The August issue of Ladies Home Journal includes a scary article (not online, alas) with the headline, "A New Killer Road Risk," and the subhead, "Read This to Save Your Life!"
The "risk" isn't all that new—the article is about red light running. In it, author Kelly King Alexander parrots bullet point arguments from auto insurance groups and government officials, data from online polls of drivers, and anecdotes about how red light running has reached epidemic proportions, then closes with some admittedly sad stories from relatives of people killed by red light scofflaws.
Halfway through the article, there's a box with a header set in bold and all-caps that reads, "WHAT CAN YOU DO?" The copy inside the box says:
Readers can go to www.stopredlightrunning.com/lhj and click on a form letter urging the federal government to encourage states to adopt automated enforcement laws to reduce red-light running. The letters will be compiled by the National Campaign to Stop Red Light Running and sent to the White House early in 2009.
Neither the magazine article nor the National Campaign to Stop Red Light Running website offer specifics on just how the federal government might "encourage" the states to adopt red light cameras, but the best bet is that they'll ask Congress to follow the example set in previous attempts to impose traffic regulations on the states—by withholding federal highway money from the states that don't comply.
What Alexander and Ladies' Home Journal don't disclose in the article, however, is that the National Campaign to Stop Red Light Running is funded by three private companies: Affiliated Computer Systems, Gatso USA, and Redflex, Inc. All three are in the automated traffic enforcement business, and all three stand to make millions should the campaign prove successful. That's a pretty big omission.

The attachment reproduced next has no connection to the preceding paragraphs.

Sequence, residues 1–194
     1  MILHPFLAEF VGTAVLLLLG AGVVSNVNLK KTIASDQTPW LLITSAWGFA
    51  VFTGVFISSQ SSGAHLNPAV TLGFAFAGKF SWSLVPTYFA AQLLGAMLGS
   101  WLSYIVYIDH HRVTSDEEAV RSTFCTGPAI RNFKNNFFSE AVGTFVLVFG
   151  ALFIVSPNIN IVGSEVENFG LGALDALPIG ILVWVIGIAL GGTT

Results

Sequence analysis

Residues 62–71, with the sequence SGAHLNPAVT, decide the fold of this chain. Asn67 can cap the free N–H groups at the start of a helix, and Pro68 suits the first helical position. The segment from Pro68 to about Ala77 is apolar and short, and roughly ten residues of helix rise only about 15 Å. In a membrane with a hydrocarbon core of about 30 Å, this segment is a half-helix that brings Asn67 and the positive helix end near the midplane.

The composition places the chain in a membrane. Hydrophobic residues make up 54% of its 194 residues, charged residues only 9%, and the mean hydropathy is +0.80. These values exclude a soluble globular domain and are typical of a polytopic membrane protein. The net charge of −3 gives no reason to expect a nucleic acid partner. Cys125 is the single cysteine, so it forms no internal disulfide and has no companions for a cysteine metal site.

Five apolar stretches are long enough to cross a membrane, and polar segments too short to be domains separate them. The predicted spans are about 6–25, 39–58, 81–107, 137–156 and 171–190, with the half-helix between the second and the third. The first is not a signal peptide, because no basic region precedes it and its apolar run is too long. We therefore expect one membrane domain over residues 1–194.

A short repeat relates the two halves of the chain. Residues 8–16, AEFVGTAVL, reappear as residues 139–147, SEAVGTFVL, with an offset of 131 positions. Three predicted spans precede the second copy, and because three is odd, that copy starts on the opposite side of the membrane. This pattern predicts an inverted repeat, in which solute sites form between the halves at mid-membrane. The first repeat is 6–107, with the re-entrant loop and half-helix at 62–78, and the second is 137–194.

The truth about the effects of automated red light enforcement on red light running is actually quite a bit more complicated than Alexander makes it out to be. She devotes all of two paragraphs to critics of automated enforcement, and mostly just to dismiss them.
But the most thorough independent study of red light cameras was published earlier this year in the Florida Public Health Review. That study, which I blogged about last March, included reviews of existing research, and found that most independent studies have found increases in crashes at intersections with red light cameras, including increases in crashes that result in injuries. It also found that claims of a notable increase in red light runners are exaggerated, and that studies sponsored by insurance companies or done by researchers with ties to insurance companies or government agencies tend to suffer from "research design flaws," and what might be charitably called an incomplete analysis of the data.
One good way to decrease accidents at dangerous intersections is to actually lengthen yellow lights. But that option tends to drop from consideration the moment cities start tasting the revenue from automated enforcement cameras. Perversely, the incentive for cities at that point is to encourage red light running, or at least not going out of their way to discourage it. Several cities have actually been caught shortening yellows after the installation of cameras.
But getting back to Ladies' Home Journal, it seems to me the magazine should have disclosed the fact that the campaign it partnered with to nudge its readers to lobby Washington is underwritten by three companies who stand to make quite a bit of money should that pressure result in a new law. It may have also given readers reason to look at Alexander's article a bit more skeptically.